# Autogenerating Analytics Rest Services

In this section, we will deploy a Pipeline Anova SVM API on an openapi service using cloudmesh-openapi

## 1. Overview

### 1.1 Prerequisite

It is also assumed that the user has installed and has familiarity with the following:

• python3 --version >= 3.8
• Linux Command line

### 1.2 Effort

• 15 minutes (not including assignment)

### 1.3 List of Topics Covered

In this module, we focus on the following:

• Training ML models with stateless requests
• Generating RESTful APIs using cms openapi for existing python code
• Deploying openapi definitions onto a localserver
• Interacting with newly created openapi services

### 1.4 Syntax of this Tutorial.

We describe the syntax for terminal commands used in this tutorial using the following example:

(TESTENV) ~ $echo "hello"  Here, we are in the python virtual environment (TESTENV) in the home directory ~. The $ symbol denotes the beginning of the terminal command (ie. echo "hello"). When copying and pasting commands, do not include $ or anything before it. ## 2. Creating a virtual environment It is best practice to create virtual environments when you do not envision needing a python package consistently. We also want to place all source code in a common directory called cm. Let us set up this create one for this tutorial. On your Linux/Mac, open a new terminal. ~$ python3 -m venv ~/ENV3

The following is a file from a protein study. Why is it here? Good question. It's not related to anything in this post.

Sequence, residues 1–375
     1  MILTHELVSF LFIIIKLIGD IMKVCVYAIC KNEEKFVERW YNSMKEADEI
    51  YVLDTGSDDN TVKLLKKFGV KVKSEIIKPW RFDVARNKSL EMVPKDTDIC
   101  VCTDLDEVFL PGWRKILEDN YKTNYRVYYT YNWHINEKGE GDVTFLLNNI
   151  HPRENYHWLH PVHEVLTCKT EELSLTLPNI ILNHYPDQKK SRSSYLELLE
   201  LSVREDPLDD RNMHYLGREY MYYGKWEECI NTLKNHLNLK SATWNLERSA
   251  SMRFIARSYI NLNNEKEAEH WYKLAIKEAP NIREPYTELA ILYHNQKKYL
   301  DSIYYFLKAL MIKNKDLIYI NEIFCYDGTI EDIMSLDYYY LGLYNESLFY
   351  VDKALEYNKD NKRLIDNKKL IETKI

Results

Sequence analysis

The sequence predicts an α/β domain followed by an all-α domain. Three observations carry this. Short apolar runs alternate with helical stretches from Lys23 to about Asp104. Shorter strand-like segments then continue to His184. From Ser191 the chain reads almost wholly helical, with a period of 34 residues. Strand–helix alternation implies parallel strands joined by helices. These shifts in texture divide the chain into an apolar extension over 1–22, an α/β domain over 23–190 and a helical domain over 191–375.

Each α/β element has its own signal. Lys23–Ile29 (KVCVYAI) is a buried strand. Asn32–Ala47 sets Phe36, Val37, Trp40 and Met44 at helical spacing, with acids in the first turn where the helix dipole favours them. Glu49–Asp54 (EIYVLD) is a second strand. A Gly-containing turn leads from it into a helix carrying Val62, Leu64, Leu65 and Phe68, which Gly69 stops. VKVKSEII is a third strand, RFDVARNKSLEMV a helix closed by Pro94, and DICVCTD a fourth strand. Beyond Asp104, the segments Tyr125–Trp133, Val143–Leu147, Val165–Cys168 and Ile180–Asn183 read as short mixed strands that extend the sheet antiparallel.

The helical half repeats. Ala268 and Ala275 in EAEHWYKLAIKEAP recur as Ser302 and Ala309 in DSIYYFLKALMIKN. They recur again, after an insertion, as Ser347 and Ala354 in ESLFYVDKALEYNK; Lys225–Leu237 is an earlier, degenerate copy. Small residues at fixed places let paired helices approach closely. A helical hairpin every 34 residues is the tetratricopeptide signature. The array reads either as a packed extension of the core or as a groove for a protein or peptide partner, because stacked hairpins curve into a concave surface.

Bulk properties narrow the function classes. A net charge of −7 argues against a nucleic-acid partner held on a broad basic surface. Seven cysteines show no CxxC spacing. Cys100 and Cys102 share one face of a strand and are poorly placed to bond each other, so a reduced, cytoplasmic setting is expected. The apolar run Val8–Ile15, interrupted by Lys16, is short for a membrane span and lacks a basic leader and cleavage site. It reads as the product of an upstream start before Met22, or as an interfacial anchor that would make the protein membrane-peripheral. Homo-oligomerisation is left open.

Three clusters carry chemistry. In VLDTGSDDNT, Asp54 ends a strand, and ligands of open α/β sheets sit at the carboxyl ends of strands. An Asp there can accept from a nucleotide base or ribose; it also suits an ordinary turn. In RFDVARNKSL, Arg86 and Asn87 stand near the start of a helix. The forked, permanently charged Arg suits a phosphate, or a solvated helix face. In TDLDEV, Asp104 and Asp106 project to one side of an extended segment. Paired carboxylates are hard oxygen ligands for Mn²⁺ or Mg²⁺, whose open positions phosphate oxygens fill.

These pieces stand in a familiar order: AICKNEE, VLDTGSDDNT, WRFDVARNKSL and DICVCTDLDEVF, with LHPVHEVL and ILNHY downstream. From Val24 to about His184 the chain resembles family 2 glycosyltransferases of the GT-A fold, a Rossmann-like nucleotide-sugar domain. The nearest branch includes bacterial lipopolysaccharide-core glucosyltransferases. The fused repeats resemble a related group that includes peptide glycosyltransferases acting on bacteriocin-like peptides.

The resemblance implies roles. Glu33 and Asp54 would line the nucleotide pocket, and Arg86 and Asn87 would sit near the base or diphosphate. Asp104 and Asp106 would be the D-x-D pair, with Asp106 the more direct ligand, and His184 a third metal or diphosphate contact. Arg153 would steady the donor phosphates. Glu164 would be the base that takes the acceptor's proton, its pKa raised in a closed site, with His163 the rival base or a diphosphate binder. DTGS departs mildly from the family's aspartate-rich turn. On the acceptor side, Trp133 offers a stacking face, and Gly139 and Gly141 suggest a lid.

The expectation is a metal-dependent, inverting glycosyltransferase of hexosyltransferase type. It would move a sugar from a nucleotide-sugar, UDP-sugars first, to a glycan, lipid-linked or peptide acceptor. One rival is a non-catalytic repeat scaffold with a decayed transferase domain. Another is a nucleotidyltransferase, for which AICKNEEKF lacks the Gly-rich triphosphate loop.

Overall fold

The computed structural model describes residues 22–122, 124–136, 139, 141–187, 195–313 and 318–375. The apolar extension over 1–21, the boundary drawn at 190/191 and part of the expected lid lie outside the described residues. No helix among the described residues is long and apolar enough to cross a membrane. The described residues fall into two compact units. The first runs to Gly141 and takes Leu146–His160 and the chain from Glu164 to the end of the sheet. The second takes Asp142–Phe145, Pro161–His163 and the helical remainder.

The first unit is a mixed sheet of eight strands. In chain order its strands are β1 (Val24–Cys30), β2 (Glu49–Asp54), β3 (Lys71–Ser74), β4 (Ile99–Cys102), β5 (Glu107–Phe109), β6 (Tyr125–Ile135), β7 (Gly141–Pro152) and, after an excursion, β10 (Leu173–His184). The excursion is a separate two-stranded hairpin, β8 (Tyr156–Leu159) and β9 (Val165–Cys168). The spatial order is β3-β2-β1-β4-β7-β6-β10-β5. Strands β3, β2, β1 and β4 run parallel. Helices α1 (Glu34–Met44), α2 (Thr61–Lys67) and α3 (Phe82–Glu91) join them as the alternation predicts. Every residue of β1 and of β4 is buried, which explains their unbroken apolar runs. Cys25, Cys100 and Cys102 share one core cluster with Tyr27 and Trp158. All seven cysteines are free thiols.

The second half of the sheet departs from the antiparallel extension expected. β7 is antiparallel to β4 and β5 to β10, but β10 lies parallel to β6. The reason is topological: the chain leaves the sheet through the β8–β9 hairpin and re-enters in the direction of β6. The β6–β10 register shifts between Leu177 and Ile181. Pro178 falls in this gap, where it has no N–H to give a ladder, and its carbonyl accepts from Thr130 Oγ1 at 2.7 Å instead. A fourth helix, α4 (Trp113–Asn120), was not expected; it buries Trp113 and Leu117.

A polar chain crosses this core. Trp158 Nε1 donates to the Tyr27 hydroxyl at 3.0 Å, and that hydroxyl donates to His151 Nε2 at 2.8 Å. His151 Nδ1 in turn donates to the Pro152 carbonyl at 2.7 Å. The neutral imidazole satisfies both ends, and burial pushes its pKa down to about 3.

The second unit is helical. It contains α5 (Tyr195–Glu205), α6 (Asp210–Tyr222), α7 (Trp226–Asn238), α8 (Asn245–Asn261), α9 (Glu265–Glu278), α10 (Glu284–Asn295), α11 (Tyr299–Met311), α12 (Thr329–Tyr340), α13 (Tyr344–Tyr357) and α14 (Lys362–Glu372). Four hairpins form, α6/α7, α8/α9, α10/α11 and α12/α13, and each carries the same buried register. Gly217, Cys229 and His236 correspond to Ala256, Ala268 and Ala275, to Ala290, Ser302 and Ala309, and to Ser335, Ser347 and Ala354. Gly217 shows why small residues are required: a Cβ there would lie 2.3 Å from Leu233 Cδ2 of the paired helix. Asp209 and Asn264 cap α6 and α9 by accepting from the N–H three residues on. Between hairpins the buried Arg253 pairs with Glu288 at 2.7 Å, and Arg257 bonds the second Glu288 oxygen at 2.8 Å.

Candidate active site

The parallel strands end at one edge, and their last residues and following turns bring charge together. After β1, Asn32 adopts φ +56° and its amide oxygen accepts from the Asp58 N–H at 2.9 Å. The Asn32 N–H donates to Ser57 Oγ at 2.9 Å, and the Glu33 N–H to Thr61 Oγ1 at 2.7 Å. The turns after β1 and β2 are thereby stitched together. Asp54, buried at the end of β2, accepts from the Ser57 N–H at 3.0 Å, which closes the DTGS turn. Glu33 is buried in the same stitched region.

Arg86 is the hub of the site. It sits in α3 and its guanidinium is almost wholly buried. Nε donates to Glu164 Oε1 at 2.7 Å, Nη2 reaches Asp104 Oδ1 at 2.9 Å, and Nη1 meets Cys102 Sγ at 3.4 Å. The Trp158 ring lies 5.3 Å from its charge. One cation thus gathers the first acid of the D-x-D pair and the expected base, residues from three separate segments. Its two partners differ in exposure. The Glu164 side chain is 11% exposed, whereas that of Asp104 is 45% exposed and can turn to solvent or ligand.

The above will create a new python virtual environment. Activate it with the following.

~ $source ~/ENV3/bin/activate  First, we update pip and verify your python and pip are correct (ENV3) ~$ which python
/Users/user/ENV3/bin/python

(ENV3) ~ $which pip /Users/user/ENV3/bin/pip (ENV3) ~$ pip install -U pip


Now we can use cloudmesh-installer to install the code in developer mode. This gives you access to the source code.

First, create a new directory for the cloudmesh code.

(ENV3) ~ $mkdir ~/cm (ENV3) ~$ cd ~/cm


Next, we install cloudmesh-installer and use it to install cloudmesh openapi.

(ENV3) ~/cm $pip install -U pip (ENV3) ~/cm$ pip install cloudmesh-installer
(ENV3) ~/cm $cloudmesh-installer get openapi  Finally, for this tutorial, we use sklearn. Install the needed packages as follows: (ENV3) ~/cm$ pip install sklearn pandas


## 3. The Python Code

Let’s take a look at the python code we would like to make a REST service from. First, let’s navigate to the local openapi repository that was installed with cloudmesh-installer.

(ENV3) ~/cm $cd cloudmesh-openapi (ENV3) ~/cm/cloudmesh-openapi$ pwd
/Users/user/cm/cloudmesh-openapi


Let us take a look at the PipelineAnova SVM example code.

A Pipeline is a pipeline of transformations to apply with a final estimator. Analysis of variance (ANOVA) is used for feature selection. A Support vector machine SVM is used as the actual learning model on the features.

Use your favorite editor to look at it (whether it be vscode, vim, nano, etc). We will use emacs